Handbook of Behavioral Finance
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Handbook of Behavioral Finance

Edited by Brian Bruce

The Handbook of Behavioral Finance is a comprehensive, topical and concise source of cutting-edge research on recent developments in behavioral finance.
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Chapter 5: Overreaction of Exchange-Traded Funds During the Bubble of 1998–2002

Jeff Madura and Nivine Richie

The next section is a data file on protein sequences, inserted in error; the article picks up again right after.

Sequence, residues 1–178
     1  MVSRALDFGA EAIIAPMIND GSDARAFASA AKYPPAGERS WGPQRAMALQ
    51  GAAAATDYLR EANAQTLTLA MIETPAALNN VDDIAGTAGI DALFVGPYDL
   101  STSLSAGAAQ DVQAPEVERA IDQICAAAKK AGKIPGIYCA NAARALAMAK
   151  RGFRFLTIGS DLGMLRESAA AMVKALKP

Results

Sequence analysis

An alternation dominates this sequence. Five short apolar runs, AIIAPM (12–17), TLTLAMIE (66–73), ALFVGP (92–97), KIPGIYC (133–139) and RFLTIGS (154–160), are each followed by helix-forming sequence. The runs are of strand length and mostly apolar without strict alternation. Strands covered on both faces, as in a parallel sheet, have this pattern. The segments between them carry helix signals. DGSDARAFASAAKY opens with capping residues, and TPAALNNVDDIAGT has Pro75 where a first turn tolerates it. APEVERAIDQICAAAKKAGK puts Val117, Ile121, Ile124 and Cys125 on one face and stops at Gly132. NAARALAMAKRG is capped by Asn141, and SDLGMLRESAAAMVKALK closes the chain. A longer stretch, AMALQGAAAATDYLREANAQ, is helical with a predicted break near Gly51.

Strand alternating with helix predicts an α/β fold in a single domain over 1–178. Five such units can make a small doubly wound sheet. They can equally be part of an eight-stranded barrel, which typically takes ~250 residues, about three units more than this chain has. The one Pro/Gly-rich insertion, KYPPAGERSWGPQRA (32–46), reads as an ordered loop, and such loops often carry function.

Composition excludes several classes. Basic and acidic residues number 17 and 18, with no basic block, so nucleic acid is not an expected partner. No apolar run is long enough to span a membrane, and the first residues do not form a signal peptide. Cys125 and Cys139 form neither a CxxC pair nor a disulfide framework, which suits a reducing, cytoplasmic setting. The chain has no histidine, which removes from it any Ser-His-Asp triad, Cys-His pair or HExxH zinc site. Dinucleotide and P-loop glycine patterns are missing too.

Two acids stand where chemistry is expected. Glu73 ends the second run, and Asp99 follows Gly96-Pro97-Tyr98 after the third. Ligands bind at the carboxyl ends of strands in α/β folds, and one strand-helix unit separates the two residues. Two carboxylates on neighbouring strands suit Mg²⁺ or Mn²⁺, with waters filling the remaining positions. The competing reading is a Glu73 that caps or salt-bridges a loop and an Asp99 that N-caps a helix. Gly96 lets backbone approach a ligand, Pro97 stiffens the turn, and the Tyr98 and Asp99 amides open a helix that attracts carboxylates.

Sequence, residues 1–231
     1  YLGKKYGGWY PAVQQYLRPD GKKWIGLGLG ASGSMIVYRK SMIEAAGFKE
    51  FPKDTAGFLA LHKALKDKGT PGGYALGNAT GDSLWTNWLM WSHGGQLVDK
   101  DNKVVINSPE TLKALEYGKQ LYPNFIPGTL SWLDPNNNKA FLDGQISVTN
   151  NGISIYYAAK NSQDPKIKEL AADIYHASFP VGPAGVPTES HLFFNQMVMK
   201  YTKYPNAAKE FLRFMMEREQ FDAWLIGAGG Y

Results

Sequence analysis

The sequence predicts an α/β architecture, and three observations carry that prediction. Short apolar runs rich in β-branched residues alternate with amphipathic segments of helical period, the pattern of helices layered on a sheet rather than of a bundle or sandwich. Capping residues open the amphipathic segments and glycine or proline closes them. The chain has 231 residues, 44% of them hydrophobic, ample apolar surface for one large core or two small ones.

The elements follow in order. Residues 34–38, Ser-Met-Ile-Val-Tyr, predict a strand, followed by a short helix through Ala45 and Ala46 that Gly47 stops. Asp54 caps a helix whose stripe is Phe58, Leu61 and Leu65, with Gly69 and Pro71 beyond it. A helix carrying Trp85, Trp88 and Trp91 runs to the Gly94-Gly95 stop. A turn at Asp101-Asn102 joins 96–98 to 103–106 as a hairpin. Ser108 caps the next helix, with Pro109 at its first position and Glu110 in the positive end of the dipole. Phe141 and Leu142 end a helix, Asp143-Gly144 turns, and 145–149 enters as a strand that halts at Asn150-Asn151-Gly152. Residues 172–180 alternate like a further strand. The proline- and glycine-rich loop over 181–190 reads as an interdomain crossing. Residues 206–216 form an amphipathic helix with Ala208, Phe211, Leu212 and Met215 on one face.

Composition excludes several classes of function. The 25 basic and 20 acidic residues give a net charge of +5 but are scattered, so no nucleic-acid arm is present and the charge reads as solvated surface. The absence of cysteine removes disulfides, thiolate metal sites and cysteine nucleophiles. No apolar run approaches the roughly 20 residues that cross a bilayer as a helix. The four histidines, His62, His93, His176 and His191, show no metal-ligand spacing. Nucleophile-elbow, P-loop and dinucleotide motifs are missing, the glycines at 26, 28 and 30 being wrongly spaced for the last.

Jeff Madura and Nivine Richie INTRODUCTION The phenomenon of under/overreaction cuts directly at the heart of market efficiency. If markets are truly efficient, all relevant information should be immediately and fully reflected in the stock price. Underreaction indicates this is not the case; information is instead incorporated over a period of time. Overreaction, on the other hand, suggests that stock prices consistently overshoot, and their reversals can be predicted from past price movements. A study of broad market indices by Richards (1997) finds evidence of overreaction. In the past, such inefficiencies were not exploitable because indices were not actively traded. Today, however, the advent of exchange-traded funds (ETFs) makes further study appropriate. In contrast with stock market indices of the past, ETFs offer investors the opportunity to actively trade the market. In the past, investors who sought to invest in the ‘market’ could choose mutual funds that mirrored their index of choice. However, mutual funds investors can only transact once per day at the closing net asset value (NAV) set by the fund manager. Unlike mutual funds, ETFs are traded on exchanges throughout the day at prices set by the market. They also allow investors to sell securities short without the constraint of the ‘uptick’ rule. ETFs should be properly priced by the market since they are not subject to constraints on intraday trading and short sales. This chapter attempts to determine whether ETFs are subject to particular forms of overreaction. We also assess whether the pricing behavior of ETFs...

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